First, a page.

Many readers will have seen and enjoyed Rosemary Norman’s poems in magazines and also observed that her bio note mentions her collaborations with video artist Stuart Pound in the making of poetry videos. These videos have been shown at festivals and other film events (including some at the BFI); but the majority of Norman’s readers will probably not have had a chance to attend one of these screenings. Fortunately it is now possible to experience a selection of Norman & Pound’s work in the comfort of one’s own home. A new book Words & Pictures contains 18 of Norman’s poems together with a number of stills from the corresponding videos and, more importantly, an internet link / QR code giving access to an on-line archive where the videos can be seen in full. This offers a simple but satisfying multi-media experience where one can enjoy the words on the page alongside (or as a curtain-raiser to) a visual and auditory interpretation.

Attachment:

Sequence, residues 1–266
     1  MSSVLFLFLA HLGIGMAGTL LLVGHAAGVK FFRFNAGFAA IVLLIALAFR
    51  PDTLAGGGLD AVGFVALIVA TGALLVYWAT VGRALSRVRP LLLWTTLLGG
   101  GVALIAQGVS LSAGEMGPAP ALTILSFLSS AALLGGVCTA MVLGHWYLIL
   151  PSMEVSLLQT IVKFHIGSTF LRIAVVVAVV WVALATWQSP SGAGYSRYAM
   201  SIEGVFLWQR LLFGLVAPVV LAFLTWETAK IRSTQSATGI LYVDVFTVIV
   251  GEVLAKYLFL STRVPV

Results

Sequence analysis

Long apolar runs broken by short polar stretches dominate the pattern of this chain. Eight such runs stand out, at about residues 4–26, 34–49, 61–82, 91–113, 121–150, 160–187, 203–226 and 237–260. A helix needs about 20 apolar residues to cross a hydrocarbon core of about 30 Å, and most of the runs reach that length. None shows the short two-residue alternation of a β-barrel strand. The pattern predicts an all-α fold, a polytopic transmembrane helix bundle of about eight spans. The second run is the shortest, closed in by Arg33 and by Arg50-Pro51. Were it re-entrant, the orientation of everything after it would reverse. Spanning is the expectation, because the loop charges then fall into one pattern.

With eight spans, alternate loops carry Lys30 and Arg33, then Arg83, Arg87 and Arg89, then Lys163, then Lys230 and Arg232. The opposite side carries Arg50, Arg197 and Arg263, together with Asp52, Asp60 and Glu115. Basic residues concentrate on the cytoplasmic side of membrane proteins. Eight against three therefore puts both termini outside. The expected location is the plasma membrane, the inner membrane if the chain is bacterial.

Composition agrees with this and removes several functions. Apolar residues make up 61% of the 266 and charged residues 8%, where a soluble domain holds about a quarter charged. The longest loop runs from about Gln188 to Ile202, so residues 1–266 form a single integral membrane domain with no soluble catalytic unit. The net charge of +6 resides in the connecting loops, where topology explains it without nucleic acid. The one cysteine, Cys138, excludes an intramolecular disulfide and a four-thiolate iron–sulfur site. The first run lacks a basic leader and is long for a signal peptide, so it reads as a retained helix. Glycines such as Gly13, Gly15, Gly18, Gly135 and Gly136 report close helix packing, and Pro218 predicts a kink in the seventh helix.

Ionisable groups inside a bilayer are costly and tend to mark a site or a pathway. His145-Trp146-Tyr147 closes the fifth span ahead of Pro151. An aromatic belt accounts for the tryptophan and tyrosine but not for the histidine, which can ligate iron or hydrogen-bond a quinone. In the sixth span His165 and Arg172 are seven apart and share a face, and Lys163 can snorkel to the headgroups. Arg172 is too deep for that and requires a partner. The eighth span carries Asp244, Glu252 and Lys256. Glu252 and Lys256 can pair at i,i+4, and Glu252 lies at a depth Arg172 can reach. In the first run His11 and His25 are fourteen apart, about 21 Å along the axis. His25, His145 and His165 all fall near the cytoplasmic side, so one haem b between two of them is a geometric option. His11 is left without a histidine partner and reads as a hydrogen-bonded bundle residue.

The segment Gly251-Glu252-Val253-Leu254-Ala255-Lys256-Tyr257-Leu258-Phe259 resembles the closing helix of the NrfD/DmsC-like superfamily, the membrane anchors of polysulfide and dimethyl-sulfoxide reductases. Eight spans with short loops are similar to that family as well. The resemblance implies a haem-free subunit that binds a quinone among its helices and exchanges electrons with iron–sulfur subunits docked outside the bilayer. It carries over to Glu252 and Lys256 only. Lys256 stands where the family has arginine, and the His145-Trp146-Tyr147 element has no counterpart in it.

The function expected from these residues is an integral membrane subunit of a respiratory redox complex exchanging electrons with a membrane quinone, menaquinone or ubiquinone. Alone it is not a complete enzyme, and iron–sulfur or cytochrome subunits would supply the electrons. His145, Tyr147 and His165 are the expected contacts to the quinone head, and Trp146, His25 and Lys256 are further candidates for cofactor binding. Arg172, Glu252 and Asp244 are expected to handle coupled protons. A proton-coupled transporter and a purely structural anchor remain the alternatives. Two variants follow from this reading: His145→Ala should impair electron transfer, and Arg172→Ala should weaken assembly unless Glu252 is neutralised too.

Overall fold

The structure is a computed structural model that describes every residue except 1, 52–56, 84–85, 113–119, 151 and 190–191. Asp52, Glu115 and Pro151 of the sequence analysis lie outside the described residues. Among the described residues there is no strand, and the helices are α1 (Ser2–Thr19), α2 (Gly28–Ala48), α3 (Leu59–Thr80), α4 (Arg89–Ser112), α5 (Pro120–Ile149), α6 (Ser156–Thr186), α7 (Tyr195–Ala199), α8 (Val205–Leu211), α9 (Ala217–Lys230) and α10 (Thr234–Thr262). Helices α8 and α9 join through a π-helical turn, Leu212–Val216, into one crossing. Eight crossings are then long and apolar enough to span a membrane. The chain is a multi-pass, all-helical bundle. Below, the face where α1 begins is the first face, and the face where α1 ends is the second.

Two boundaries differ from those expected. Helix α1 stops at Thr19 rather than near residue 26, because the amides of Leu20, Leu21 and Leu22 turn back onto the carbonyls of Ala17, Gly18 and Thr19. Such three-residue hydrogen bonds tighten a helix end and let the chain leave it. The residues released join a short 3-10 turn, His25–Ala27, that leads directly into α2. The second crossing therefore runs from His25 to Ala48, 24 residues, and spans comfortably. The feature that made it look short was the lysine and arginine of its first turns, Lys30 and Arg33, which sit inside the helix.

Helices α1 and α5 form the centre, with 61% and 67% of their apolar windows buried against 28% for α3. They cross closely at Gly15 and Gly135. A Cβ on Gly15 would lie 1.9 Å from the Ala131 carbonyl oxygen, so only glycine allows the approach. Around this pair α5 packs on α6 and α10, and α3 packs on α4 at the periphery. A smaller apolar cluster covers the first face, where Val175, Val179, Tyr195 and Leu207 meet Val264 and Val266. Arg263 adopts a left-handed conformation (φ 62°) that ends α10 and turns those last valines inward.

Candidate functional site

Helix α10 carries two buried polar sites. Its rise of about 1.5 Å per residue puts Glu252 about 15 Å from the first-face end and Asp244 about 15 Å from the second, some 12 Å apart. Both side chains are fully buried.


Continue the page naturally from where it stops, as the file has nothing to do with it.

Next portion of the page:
Darkness by Ben Morgan

This delightful new animation by Suzie Hanna recreates the world of illuminated manuscripts to bring to life a text by poet and scholar Ben Morgan. Like many viewers, I’m sure, my main reference point for that sort of thing was Monty Python and the Holy Grail, but I had no trouble adjusting to this more serious and cerebral use of Medieval imagery and motifs. In fact, I found it—dare I say?—quite illuminating.

Made for an installation ‘Invertlight’ in St Peter Hungate Church Norwich in 2024, this animation of Ben Morgan’s poem imagines an encounter between Julian of Norwich, a 14th century Anchoress locked away in her cell, and her son who visits to challenge her decision to give up on the natural world. It is not known if she had children but she entered the ‘living death’ after child bearing age, and may well have been a mother before her voluntary incarceration. Julian wrote ‘Revelations of Divine Love’ the first surviving book to be written by a woman in the English language. ‘Invertlight’ is a Research project at Norwich University of the Arts that focuses on creating Art for buildings that have been changed from religious to secular use.